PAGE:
Own a Small Business? Don’t Forget These Tax Deductions

By Janet Hutchins on Jun 5, 2012 | Filed in Business

It seems as though tax season just ended, but it’s never to late to start thinking about next year. In fact, you will have an easier time of it if you prepare all year for your taxes.

One of the best ways to prepare for your taxes as a small business is to keep track of your business expenses throughout the year. Many of these business expenses are tax-deductible, meaning that the Canadian Revenue Agency will let you deduct them from your income at tax time. So, keep track throughout the year, and you could reap the benefits.

Don’t Miss Out on These Business Tax Deductions

The great thing about business tax deductions is that you can add them up all year, whether you own a growing small business at an on-site location, or whether you have a home business. Don’t think that running your legitimate business out of your home prevents you from taking the tax deductions that are available to you. Here are some of those tax deductions, according to the CRA:

  • Advertising: Deduct the cost associated with advertising your business. This can include online advertising and marketing costs.
  • Fuel costs: Deduct what you pay in fuel.
  • Insurance: When you pay insurance on your building, or fleet vehicles, you can deduct the costs.
  • Legal fees: Deduct the fees for the legal advice you receive.
  • Eligible maintenance and repairs: These items you pay for with regard to the upkeep of your business building and equipment can be deducted.
  • Meals and entertainment: If you take a client out, you can deduct some of your expenses.
  • Equipment and supplies: Buy office equipment and supplies, including furniture, computers, paperclips, and other items, and you can deduct those costs.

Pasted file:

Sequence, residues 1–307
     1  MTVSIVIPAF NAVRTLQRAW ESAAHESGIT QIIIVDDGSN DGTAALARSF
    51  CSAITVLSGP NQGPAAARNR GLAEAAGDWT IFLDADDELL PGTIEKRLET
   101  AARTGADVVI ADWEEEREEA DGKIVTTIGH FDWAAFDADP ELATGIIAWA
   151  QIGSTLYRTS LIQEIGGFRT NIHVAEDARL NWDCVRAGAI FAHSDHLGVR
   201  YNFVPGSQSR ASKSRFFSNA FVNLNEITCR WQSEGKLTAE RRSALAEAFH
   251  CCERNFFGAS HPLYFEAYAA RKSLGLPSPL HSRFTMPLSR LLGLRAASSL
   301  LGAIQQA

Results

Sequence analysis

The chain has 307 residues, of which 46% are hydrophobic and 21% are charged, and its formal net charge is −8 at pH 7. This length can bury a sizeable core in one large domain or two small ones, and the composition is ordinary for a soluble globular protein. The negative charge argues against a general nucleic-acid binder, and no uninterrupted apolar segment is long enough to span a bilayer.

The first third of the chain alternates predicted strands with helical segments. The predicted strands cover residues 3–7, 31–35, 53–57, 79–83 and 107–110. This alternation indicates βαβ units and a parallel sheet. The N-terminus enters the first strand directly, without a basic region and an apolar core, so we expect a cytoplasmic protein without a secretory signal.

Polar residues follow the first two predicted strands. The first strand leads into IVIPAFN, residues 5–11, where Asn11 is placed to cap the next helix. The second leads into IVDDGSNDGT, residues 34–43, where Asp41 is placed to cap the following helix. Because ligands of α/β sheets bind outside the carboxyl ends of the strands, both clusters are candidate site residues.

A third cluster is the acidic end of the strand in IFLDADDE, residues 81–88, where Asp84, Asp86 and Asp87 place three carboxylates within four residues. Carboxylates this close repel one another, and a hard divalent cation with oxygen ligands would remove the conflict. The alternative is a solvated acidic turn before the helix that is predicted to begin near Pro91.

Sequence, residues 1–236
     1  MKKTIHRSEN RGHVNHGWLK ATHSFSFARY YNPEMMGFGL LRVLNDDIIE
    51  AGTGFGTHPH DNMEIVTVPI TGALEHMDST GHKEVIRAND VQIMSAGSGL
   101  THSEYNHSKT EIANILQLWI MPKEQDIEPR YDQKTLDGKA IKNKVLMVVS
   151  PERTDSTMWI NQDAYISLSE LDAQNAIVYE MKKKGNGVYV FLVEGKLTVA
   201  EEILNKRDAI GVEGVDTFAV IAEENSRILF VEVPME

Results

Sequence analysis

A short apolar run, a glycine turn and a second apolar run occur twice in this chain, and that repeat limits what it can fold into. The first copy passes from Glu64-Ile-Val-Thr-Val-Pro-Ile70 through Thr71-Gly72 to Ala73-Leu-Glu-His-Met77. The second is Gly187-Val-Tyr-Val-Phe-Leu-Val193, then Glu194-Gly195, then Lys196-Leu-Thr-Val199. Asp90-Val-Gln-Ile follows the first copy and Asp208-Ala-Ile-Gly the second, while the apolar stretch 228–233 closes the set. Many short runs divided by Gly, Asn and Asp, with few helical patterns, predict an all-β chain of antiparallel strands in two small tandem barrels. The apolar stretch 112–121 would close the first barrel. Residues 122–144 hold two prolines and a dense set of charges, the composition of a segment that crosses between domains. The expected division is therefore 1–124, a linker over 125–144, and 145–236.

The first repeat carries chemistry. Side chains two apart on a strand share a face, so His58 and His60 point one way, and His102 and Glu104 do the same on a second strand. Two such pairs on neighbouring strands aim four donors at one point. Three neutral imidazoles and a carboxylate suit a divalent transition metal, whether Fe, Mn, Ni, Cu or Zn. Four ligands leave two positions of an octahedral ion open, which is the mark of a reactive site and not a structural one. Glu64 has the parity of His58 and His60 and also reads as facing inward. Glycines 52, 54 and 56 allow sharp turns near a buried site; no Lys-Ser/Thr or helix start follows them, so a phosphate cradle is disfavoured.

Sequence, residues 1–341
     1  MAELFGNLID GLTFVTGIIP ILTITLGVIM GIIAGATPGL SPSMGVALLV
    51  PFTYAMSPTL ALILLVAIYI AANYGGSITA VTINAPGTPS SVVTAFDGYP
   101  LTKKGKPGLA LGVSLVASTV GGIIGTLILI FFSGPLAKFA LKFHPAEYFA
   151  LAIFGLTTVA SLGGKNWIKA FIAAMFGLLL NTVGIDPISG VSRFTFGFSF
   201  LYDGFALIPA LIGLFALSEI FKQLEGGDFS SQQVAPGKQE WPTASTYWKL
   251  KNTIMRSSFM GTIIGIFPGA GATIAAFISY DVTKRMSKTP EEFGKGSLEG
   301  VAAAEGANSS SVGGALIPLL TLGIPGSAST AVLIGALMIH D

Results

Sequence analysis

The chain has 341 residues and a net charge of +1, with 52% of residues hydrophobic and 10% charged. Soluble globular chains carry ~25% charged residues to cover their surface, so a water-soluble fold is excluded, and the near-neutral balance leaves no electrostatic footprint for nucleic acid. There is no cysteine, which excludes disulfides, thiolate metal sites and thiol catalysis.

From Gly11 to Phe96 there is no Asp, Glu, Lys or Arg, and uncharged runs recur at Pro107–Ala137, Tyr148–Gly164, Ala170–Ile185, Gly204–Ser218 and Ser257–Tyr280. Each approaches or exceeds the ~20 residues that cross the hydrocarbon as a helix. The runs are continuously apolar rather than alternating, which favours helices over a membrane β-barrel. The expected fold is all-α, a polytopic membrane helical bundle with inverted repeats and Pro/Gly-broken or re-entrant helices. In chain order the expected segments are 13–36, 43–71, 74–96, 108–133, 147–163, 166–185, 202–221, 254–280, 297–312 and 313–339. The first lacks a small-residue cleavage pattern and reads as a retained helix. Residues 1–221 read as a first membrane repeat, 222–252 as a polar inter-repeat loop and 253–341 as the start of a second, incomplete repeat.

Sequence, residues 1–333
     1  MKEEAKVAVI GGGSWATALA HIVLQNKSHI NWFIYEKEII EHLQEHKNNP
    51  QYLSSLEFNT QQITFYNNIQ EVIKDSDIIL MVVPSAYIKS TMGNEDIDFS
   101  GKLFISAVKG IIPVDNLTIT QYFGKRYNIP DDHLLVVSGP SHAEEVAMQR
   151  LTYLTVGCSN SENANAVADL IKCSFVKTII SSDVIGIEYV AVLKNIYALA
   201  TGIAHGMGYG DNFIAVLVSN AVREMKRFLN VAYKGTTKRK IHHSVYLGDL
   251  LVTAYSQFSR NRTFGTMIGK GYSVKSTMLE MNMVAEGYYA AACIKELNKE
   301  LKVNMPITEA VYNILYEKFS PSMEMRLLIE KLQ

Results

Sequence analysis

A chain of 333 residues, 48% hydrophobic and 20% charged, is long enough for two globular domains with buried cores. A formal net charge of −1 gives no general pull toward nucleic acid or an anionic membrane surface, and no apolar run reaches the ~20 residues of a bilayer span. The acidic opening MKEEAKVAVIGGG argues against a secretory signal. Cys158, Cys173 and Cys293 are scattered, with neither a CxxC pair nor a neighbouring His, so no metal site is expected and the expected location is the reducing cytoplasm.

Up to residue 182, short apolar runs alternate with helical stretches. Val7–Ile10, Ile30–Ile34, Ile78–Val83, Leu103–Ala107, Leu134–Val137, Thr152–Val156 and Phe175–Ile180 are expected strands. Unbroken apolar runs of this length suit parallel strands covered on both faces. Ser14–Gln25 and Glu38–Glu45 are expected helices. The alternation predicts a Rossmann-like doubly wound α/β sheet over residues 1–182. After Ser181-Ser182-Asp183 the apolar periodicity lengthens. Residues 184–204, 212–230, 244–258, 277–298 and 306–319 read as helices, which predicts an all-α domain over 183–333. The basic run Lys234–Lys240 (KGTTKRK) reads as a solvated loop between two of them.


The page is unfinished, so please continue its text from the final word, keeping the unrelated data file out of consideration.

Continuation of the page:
• Utilities and telephone: Don’t forget what you pay in these costs can also be deducted from your taxes.
  • Taxes: Quite a few of your taxes can be deducted as part of your business expenses. Property taxes, business taxes, and even HST can be deducted.
  • Salaries: The money you pay to workers is tax-deductible as well, meaning that salaries, or even contract pay, can reduce your income. Benefits paid are also tax-deductible, according to the CRA.

There are other expenses as well. Do your best to keep your business and your personal expenses separate, so that it is clear which items are business, and which items are personal. Remember that only your business expenses are tax deductible.

Use a Business Credit Card

One of the best ways to ensure that your business and personal expenses remain separate is to use a business credit card. Your Canadian business credit card can provide you with an easy way to keep up with your business expenses. The credit card statements can help you easily and accurately track your expenses, so that you know how much you have been spending. Additionally, it can add that extra layer of separation between your personal finances and your business finances. Make sure you are careful to only use your business card for business purchases, and don’t mingle your expenses. It’ll be easier come tax time, and you’ll have fewer problems with the CRA.